But there are some issues with that line of thinking.

First, I was saving my own money way before I worked in finance, so I know firsthand that you can start saving on any level of income. At this point over five years into my career, I know just as many people making around $30,000 annually who save some money as I do people earning nearly $100,000 annually who don't. Second, saving money is such an integral part of almost everything I write about— buying and renovating my fixer upper, traveling, and most recently quitting my job— that it feels like a serious omission to not discuss saving money more directly on my blog. Finally, at some point, I have to stop feeling personally responsible for other people choosing to quit reading my blog, because that's their choice to make… and I guess this is that point.

Because a few eye rolls, scoffs, and even lost readers are worth it to me if I can inspire one person to save a bit of their paycheck this month who wasn't already doing so.

Saving Money Is a Choice 

If you live in a developed country, have access to reliable financial institutions, and make a consistent living wage that allows you to meet your needs, and you aren't saving any of your money, it's because you are choosing not to save. Yes, I acknowledge this is at least a two part decision for most people: you may choose to accrue a level of expenses that is equal to every cent you earn each month, and therefore there is no money left to save. But accruing the expenses was also a choice… or a collection of choices, generally made over years, to prioritize things other than saving money. If this is your financial situation, you’re in the majority: according to a recent Bankrate survey, 65% of the U.S. population saves 10% or less of their income, with 19% saving nothing whatsoever.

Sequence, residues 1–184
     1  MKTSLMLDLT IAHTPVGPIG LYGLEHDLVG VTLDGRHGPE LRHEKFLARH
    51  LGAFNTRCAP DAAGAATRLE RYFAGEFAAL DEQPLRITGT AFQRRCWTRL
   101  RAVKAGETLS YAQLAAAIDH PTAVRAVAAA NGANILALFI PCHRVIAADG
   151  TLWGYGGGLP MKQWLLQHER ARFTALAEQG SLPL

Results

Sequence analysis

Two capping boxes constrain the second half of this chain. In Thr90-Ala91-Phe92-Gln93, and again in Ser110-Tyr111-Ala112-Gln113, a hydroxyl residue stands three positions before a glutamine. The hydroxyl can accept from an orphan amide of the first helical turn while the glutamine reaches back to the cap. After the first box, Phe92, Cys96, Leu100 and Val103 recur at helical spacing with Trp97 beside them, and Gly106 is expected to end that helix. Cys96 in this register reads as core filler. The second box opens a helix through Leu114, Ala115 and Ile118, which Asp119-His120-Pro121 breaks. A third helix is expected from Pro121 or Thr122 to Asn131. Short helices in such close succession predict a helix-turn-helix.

I’ve noticed over the years that stating that saving is a choice has a tendency to ruffle some feathers… so let's reframe that statement. If I have a gym membership, and bring my gym clothes with me to work, but after work I don't actually go to the gym… the reason I didn't go is because I chose not to go. Most people would agree that there isn't some external factor that prevented me from going. I might have chosen to go to happy hour with a friend instead, so you could argue that I chose to prioritize my friendship over my health in that case. But it would be difficult to argue that it was someone else’s decision, because it wasn’t: it was mine.

I don't mean to sound harsh, but establishing this baseline— this core belief that saving our own money is our own responsibility— is vitally important.

Because taking responsibility for our own actions is one of the only ways we can start making positive change in any area of our lives.

Why Is Saving Money So Important?

As much as I hope everyone in the world who is able to do so starts saving their money aggressively, I know that no one can make the choice to save for you. It’s a choice you have to make for yourself. But why should you make that choice?

Because saving money gives you freedom.

I understand that people have a variety of relationships with money conceptually, and not all of those relationships are positive. But at the end of the day, money is simply a tool that allows you the freedom to do what you want. Saving your money allows you the freedom to quit your job if you need to quit, and it allows you to travel, and it allows you to self-fund a business, and it allows you to secure your ideal living situation, and it allows you to retire early if that's your goal, and it allows you to weather downturns or fund emergency expenses, and it can allow you to do hundreds of other things… the possibilities are truly endless.

Now what?

But how much should you save? And where should you start? And how do you know how much to save for a large expense (like a trip?) How do you choose an amount to save each month that is both realistic and aggressive for your personal financial situation? And how do you know how long it will take you to reach your goals?

These are all legitimate questions, and they are the type of questions I plan to discuss more often going forward. With this post, I wanted to get my background and history out there, as well as my core belief about saving money (that for most people reading this blog, saving money is a choice you have the power to make for yourself).

Because starting at the beginning felt like the right place to start.  

Now, we can move on to the fun stuff.  

What specific questions do you have about saving money? What's your relationship with saving money? I'd love to hear your thoughts in the comments.

Hitting My Stride In Berlin

Hitting My Stride In Berlin